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The Power Of Positivity

A kindness of critics

I'm a positive person. In life, I tend to find a bright side even if I'm lost in the dark, and I look for the best in people even if they're concealing their best incredibly well. As a games critic, I tend to think of myself as harsh though, because analysing the best qualities of a thing often means finding all the fine points that fail to work along the way. Despite that, looking back at my reviews over the last couple of years, I can't help but notice that I appear to like games. Quite a lot actually. I am almost always positive about the games I play and I figure it's worth explaining why that is.

First of all, some of this probably does go back to my personality type. I can recognise a dud when I see it and if you get me talking about a game that I love dearly - most recently Civilization VI - you're as likely to hear about ten things that I didn't like, or felt could be improved, than you are to hear a gushing paean. When writing a review, there's a balancing act though. It's important to point out flaws, but it's vital to make it clear when a game has managed to pull off something exciting. That might be, as with Civ VI, a case of building intelligently on an age-old design, or it might be a case of doing something surprising, startling and unexpectedly brilliant.

There are many reasons I don't like the idea of writing a review as a buyer's guide (it's a boring approach, being the top reason) and the idea that spending more time on positives than negatives might mean a game is a Must Buy is one of them. Writing that certain things work well while others don't isn't a case of balancing the good against the bad. That's not how criticism works and it's certainly not how games work. That's why it was important for me, with Civ VI, to be clear not just about what the game does well and what it does badly, but to explain what it's actually trying to do. If you're more interested in a thematic trip through history than a competitive strategy game, you're better off looking elsewhere. All of Civ VI's good qualities aren't going to make it a fascinating alt-history simulator (you know where to look for that, right?).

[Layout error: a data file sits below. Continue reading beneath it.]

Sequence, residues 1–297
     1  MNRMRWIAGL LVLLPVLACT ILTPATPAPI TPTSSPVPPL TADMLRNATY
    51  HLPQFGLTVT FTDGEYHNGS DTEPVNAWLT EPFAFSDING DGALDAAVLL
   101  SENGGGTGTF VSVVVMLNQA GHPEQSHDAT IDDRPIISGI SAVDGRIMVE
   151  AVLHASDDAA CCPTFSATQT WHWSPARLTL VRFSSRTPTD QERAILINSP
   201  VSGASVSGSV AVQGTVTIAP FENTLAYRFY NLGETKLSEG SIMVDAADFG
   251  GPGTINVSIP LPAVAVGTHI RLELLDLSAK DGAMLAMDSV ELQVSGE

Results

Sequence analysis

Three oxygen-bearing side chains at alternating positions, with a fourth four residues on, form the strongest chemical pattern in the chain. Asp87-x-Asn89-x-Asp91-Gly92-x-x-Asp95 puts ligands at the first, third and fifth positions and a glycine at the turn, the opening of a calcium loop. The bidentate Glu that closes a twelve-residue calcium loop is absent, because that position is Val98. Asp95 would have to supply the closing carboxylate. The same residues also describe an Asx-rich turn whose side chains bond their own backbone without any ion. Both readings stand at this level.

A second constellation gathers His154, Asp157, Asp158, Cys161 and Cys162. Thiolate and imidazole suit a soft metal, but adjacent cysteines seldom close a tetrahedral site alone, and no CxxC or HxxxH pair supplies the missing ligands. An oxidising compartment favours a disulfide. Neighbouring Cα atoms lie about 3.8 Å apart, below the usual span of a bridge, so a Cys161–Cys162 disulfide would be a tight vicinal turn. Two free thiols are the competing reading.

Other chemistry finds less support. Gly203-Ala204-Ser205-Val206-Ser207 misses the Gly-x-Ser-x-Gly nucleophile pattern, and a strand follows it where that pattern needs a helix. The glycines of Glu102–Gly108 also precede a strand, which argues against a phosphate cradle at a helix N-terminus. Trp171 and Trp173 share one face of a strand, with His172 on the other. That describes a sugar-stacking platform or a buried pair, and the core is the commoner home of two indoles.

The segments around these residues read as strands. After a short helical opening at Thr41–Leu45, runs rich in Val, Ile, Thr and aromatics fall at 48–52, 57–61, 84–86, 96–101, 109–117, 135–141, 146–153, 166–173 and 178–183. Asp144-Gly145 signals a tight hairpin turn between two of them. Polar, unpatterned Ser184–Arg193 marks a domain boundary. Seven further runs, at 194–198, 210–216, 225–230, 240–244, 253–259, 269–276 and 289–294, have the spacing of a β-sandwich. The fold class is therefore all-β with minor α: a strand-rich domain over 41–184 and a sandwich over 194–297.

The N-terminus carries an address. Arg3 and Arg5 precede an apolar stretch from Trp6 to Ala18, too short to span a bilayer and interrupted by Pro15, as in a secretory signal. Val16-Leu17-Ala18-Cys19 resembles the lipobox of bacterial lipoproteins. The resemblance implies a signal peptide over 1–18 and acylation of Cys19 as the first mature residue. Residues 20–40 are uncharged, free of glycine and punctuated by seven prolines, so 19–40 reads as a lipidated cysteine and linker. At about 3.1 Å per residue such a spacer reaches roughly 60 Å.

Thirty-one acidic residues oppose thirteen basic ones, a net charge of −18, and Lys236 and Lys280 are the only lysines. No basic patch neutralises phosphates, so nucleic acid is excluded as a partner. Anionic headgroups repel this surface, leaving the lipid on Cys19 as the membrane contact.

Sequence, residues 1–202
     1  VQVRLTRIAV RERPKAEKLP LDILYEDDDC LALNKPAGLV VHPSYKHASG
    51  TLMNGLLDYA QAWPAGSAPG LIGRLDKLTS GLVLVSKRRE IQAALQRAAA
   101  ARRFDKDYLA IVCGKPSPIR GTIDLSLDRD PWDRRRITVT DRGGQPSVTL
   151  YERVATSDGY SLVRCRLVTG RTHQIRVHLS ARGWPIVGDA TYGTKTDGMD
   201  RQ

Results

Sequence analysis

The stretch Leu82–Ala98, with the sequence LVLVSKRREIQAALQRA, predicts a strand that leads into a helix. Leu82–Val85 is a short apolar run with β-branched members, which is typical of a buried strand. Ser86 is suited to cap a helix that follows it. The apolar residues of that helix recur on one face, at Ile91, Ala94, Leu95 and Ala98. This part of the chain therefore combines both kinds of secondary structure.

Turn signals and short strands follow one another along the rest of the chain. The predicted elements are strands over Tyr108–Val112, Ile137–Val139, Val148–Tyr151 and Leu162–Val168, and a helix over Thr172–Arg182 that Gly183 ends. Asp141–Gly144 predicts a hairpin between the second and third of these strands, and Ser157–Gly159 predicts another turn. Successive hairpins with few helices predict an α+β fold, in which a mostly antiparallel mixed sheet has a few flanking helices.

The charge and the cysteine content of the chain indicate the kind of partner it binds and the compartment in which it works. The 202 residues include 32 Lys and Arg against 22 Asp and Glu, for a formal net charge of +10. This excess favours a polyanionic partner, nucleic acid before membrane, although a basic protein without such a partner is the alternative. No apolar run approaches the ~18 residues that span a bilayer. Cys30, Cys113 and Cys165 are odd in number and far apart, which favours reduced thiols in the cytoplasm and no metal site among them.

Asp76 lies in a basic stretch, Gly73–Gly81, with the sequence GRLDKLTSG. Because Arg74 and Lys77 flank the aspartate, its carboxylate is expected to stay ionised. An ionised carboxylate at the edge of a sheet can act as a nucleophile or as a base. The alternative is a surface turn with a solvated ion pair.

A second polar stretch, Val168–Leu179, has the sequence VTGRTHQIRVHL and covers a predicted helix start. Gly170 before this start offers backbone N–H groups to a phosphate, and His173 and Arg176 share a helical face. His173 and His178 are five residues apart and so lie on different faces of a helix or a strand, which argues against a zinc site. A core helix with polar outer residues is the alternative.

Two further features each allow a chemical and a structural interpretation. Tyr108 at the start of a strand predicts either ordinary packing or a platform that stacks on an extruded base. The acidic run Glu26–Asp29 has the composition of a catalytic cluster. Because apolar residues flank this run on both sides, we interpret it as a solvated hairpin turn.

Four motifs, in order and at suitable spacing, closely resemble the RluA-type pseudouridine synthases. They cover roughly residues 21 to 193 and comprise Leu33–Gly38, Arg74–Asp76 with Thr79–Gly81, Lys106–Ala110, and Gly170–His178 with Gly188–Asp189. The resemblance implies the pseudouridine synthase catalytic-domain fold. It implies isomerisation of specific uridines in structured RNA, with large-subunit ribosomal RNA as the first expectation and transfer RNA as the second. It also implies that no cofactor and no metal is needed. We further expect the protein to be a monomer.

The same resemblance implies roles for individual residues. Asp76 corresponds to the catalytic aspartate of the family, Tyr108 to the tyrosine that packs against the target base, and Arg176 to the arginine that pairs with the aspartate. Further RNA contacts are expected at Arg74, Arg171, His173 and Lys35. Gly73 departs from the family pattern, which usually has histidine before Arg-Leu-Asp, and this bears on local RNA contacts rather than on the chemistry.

I'm much more likely to dislike a game because I don't appreciate what it's doing than because it's actually doing that thing badly. In those cases, I'll often pass on a review. That's probably the main reason I tend to write such positive reviews - if I don't like a game, unless I think you're all excited about it, I'm not all that eager to write about it. If I feel it's necessary to warn people that a hotly anticipated game might be rubbish, or might not be quite what people expect, it's important to address that, particularly if my own excitement about that game might have put it on peoples' radar in the first place. But if I decide to look at something that the majority of people are never going to hear about unless I tell them about it, I'm probably not going to spend hours playing it for a review if the first hour is miserable. I play so many games that if I wrote about all of them in any detail at all, I wouldn't have time to sleep. Sifting through and finding the good stuff is more important to me than highlighting every bit of rubbish I find when I'm digging through Steam or TIGSource.

In short, I'm unlikely to draw attention to something simply to tell people how bad it is. If attention has already been drawn to it - by marketing, through its name or by the media (ourselves included) - I'll deliver as damning a verdict as required.

But on the whole, I write positive reviews. It's not because I'm soft or too generous, it's because I select the games that I spend time with carefully. They're things that I'm either personally excited about and that I know many of you will be if you hear about them, or that are big releases that fall within my particular areas of interest. Those areas of interest are broad, and I'm as likely to enjoy a sci-fi strategy game as I am a domestic horror game, but what I find most attractive is a game that I can dissect. I'm not as interested in discussing plot and character as I am in discussing systems and rules. That's not because I'm uncomfortable analysing those things - I spent most of my young adult life studying literature and theatre - but because what I find interesting about games specifically, as a medium, are the things that make the medium itself unique. And, far simpler, I'm wary of spoiling plot points by discussing them in detail before people have had a chance to experience them first-hand.

Maybe you've never noticed that I am such a positive reviewer (if we gave scores, I reckon I'd give out the highest on average) and even if you have, maybe you've never thought to question why that might be. I think it's healthy to think about the process though and I enjoy sharing those thoughts with you all every once in a while.

And now I'm going to go and find something to be excited about.

This article was originally written for the RPS Supporter Program.

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